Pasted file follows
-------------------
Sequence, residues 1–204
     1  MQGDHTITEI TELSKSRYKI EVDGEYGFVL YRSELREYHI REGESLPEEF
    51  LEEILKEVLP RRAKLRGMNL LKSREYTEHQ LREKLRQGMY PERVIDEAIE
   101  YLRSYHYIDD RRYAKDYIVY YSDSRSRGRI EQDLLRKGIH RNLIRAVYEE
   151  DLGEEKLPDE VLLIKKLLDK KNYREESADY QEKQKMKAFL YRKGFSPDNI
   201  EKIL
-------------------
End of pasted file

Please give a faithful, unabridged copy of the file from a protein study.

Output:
Sequence, residues 1–204
     1  MQGDHTITEI TELSKSRYKI EVDGEYGFVL YRSELREYHI REGESLPEEF
    51  LEEILKEVLP RRAKLRGMNL LKSREYTEHQ LREKLRQGMY PERVIDEAIE
   101  YLRSYHYIDD RRYAKDYIVY YSDSRSRGRI EQDLLRKGIH RNLIRAVYEE
   151  DLGEEKLPDE VLLIKKLLDK KNYREESADY QEKQKMKAFL YRKGFSPDNI
   201  EKIL